Wednesday, August 23, 2006

Rack of Lamb with Cheese Risotto

I'd like to share a very nice little trick I've learnt from my friend George. Instead of sprinkling parmesan cheese on top of the risotto before serving, try to grind up some dried porcini mushrooms and then powder them on top of your rice. The extra flavor is quite fantastic and really very simple to achieve.

for 2 people:


1 rack of lamb (could be replaced with a beef or pork filet)
1 teaspoon black peppercorns
4 tablespoons extra virgin olive oil
handful of dried porcini mushrooms
1/2 teaspoon coarse seasalt
1 cup risotto rice (carnaroli or arborio)
1 large shallot, chopped
1 cup cheap white wine
2 tablespoons ricotta cheese
2 tablespoons mascarpone cheese
4 tablespoons ground parmesan cheese
1 teaspoon chicken stock
2 sage leaves
1 thyme or rosemary twig


Preheat the oven to 80 C. (175 F.)

Crush the peppercorns and salt with a mortar. This is my preferred method of grinding up salt and pepper because I like them to stay a bit coarse, but you can also use your regular peppermill and salt shaker.

Rub the salt and pepper mix all around your rack of lamb.
Heat 2 tablespoons of the olive oil at highest temperature in a skillet.

To sauté meat of any kind, I like to use a stainless steel skillet to get the highest temperature possible.

Sauté the rack of lamb about 3 minutes on each side until you get a nice and dark crust all around. Then immediately place it in the oven in an oven-proof dish.
The beauty of this low-temperature method is, that your meat can stay in the oven for 30 minutes or even 1 hour and it will still be very tender and juicy.

Depending on the size of your rack, I would count on leaving the meat in the oven for at least 30 minutes (for a small rack) or up to 1 hour (for a big one). But don't crank up the temperature. To guarantee the tenderness and juicyness, you'll have to keep the temperature at the low 80 C.

Since the temperature in the oven is quite low, you can also add your dinner plates to preheat them without worrying that they'll brake.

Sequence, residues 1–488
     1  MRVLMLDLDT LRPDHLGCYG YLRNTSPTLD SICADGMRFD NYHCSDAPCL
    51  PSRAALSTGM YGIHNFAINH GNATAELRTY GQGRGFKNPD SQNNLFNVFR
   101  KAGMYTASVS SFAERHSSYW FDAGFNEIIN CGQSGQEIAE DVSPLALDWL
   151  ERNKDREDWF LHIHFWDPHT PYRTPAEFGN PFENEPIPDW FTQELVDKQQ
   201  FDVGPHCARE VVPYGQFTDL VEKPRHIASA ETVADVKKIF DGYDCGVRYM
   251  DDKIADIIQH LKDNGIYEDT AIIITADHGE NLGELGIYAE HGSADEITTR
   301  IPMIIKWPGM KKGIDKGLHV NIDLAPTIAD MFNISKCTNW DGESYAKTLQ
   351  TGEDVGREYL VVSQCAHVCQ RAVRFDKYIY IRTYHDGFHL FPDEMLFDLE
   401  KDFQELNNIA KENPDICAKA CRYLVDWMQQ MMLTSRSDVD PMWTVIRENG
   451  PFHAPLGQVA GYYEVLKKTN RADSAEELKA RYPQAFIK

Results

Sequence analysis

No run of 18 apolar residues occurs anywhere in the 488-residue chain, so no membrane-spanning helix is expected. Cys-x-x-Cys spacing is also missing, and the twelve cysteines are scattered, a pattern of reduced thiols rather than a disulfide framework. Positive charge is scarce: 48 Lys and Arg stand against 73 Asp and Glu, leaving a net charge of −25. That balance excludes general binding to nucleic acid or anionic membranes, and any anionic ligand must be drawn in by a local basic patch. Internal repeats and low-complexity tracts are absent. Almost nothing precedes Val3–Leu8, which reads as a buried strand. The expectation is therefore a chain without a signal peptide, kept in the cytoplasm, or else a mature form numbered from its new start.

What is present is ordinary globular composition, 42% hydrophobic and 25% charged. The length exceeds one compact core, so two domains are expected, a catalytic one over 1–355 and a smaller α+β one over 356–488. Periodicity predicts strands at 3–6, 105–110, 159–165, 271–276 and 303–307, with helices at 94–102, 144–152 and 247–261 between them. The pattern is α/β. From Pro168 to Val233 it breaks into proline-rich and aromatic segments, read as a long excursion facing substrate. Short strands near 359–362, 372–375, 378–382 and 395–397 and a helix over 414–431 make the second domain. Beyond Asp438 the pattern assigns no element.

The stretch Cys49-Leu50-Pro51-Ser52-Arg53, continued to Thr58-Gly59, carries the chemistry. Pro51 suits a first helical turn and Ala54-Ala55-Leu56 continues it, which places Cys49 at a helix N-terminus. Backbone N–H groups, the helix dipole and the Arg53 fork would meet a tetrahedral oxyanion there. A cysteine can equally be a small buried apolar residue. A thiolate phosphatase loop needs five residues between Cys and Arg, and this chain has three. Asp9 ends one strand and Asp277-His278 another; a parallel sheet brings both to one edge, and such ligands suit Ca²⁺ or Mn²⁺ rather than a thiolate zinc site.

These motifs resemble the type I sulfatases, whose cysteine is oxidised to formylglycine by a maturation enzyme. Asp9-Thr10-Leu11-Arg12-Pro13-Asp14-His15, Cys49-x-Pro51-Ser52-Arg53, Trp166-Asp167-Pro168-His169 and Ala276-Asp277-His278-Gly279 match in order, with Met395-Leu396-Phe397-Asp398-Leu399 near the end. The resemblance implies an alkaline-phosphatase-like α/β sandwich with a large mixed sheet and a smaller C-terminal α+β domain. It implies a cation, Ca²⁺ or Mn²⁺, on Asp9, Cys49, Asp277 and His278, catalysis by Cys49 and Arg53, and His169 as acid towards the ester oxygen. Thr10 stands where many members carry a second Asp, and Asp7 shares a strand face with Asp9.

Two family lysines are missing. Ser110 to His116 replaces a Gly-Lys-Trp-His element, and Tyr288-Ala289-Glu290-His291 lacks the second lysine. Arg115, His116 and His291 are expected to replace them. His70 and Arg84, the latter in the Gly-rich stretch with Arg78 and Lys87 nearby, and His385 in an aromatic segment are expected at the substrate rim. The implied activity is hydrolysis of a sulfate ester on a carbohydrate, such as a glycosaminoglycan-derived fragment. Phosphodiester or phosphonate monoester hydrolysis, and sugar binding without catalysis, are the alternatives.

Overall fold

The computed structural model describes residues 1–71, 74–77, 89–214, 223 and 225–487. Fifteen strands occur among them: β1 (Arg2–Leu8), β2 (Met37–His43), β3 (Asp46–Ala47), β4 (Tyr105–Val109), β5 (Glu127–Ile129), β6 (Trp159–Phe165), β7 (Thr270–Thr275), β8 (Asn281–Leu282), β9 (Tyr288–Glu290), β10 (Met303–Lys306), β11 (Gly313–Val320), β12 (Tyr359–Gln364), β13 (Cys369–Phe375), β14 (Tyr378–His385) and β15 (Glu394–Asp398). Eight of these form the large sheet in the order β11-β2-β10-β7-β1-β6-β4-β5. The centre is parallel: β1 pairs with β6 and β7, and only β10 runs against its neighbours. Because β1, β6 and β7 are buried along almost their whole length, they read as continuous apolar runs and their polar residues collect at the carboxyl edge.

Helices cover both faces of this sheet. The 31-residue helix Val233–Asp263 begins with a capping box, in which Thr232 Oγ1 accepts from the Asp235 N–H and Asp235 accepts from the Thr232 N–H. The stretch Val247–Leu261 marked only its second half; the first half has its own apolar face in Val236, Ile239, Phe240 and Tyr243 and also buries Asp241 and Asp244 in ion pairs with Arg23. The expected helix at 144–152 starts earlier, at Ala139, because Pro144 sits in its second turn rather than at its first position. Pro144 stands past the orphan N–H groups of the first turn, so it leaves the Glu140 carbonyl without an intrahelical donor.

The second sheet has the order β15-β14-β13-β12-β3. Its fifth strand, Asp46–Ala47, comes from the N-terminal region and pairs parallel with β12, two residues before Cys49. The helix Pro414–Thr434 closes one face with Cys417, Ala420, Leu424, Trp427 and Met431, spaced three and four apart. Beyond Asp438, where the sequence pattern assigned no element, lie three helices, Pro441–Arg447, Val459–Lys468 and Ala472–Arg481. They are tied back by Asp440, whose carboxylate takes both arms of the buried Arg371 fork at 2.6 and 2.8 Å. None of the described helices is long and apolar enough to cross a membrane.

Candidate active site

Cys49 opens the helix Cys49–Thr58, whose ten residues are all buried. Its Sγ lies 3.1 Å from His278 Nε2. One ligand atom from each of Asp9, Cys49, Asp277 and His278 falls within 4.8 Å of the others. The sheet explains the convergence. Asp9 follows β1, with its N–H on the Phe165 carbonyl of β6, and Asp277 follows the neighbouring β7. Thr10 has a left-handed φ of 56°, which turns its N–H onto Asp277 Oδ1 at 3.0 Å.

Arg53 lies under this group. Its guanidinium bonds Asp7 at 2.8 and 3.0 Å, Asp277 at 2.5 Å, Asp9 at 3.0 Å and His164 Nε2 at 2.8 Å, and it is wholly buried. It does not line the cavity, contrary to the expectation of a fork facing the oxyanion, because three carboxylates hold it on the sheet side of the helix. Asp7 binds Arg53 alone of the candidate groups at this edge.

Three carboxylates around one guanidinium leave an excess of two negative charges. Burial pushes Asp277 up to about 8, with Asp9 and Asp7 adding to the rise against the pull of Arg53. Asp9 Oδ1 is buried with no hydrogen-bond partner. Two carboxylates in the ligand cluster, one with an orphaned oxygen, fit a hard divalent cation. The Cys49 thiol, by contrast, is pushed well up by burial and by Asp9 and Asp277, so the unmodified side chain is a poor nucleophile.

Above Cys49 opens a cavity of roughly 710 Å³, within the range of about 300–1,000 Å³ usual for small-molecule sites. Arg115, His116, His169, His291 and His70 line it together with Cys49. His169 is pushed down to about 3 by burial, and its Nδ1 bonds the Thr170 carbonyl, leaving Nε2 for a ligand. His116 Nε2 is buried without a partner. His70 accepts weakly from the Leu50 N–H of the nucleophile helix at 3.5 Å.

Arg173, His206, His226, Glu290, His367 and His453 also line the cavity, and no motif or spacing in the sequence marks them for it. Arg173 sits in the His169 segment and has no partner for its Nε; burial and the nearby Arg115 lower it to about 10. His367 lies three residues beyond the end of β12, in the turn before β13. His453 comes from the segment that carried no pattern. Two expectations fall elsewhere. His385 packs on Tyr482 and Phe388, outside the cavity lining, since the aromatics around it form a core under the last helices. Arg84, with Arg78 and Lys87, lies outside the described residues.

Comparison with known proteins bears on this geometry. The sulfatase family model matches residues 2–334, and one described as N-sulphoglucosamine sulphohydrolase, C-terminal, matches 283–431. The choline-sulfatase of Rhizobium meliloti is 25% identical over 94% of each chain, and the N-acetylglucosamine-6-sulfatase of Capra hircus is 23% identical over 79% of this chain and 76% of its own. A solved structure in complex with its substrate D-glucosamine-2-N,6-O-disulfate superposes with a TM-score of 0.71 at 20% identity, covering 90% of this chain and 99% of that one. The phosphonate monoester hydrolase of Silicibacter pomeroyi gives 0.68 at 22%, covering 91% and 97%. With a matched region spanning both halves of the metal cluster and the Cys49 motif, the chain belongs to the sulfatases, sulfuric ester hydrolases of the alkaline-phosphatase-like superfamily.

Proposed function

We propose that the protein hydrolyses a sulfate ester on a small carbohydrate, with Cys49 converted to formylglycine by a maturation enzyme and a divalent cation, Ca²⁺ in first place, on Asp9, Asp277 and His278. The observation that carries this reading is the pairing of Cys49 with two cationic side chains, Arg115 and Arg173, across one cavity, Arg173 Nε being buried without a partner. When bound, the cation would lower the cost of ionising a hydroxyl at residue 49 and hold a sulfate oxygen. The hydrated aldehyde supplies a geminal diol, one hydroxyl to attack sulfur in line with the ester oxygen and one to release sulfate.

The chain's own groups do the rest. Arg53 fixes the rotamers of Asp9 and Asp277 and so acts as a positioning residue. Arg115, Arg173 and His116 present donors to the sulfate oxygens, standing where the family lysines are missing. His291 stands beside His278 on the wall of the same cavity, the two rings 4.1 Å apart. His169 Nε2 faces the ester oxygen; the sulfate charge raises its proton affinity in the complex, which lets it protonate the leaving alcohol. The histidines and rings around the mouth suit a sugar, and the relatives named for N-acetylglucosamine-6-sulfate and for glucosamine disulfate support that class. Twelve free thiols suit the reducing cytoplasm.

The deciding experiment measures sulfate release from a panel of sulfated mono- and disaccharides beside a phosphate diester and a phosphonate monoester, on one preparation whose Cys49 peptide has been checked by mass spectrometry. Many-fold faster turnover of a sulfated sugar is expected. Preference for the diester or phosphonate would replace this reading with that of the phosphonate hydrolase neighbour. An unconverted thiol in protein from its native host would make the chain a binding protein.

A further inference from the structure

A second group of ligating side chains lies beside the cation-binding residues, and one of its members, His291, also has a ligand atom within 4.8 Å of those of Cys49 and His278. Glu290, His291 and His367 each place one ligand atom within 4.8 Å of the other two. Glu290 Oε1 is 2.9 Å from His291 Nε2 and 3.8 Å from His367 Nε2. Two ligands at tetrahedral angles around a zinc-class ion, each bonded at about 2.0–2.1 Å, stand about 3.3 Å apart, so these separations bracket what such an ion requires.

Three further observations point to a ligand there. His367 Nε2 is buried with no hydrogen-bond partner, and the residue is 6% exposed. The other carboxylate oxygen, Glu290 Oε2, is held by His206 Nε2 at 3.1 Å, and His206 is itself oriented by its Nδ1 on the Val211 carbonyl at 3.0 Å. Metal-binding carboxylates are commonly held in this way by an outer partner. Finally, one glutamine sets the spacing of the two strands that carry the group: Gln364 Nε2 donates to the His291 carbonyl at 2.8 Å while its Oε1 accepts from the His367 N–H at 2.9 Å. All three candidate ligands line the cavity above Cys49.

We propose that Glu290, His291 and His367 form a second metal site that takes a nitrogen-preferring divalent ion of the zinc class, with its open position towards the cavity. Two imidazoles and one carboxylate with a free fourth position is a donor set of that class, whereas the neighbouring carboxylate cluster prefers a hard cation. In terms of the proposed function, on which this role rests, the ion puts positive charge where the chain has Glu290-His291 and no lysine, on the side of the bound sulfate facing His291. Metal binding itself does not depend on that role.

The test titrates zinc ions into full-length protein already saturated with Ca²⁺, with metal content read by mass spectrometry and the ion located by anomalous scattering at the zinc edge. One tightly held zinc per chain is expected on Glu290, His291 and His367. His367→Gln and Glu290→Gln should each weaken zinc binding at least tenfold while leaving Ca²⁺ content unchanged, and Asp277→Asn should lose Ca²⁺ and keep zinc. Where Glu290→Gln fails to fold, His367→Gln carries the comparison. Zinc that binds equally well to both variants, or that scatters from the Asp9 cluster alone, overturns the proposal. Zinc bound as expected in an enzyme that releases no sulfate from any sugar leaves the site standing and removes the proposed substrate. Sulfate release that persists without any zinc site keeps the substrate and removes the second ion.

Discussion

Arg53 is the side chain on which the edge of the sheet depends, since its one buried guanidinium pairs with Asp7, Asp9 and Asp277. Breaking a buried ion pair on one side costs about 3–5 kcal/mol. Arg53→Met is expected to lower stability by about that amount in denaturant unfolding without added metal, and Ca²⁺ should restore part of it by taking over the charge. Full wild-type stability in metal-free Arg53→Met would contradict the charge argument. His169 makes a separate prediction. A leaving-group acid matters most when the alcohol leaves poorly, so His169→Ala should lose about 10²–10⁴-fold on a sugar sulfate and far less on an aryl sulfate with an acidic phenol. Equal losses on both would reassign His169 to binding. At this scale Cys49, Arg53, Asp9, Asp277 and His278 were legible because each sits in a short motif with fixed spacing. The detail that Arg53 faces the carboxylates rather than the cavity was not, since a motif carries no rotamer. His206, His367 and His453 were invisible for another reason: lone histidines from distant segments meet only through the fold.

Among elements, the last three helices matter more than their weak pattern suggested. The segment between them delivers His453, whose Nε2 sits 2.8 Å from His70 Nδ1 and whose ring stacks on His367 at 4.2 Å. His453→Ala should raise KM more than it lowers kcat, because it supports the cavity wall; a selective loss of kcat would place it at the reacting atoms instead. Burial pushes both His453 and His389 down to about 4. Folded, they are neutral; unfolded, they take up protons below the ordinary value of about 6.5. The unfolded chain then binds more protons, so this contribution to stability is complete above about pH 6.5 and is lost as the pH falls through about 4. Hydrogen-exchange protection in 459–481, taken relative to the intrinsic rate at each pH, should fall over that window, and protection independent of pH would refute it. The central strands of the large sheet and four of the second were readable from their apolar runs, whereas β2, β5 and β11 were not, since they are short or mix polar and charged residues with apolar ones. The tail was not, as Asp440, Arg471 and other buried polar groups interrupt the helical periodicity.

Start preparing the stock. Put 2 cups of water into a small pot, add chicken stock, sage leaves and the thyme or rosemary twig. Heat up the stock over medium heat.

Grind up your dried porcini mushrooms. A mortar works best, but use your fingers as well, to get the powder as fine as you can. Put aside.

In another pot (or my preferred way, a non-stick skillet), heat 2 tablespoons of olive oil over medium-high heat, add the shallots and sauté them until they start to golden a bit. Add the rice and mix until all the grains are covered with some of the olive oil. Pour in the white wine and stir until all of it is absorbed.

As soon as your rice is running a bit dry in the skillet, add some of the stock but never too much at the time. Keep on stirring. This process takes about 15-20 minutes.

Keep on tasting the rice to see if you like the consistency. Shortly before the rice is done, add all the three cheeses and mix well.

Remove the meat from the oven, cut it up and arrange nicely on preheated dinner plates around your risotto.

The big thing last, sprinkle your ground up porcini mushrooms on top of the rice and decorate with a twig of thyme or rosemary or anything else you find beautiful.

I served one of my favorite wines with this dish, a full bodied Amarone from italy. Enjoy!

This recipe was also submitted to "Design Within Reach" for their summer call for entries.


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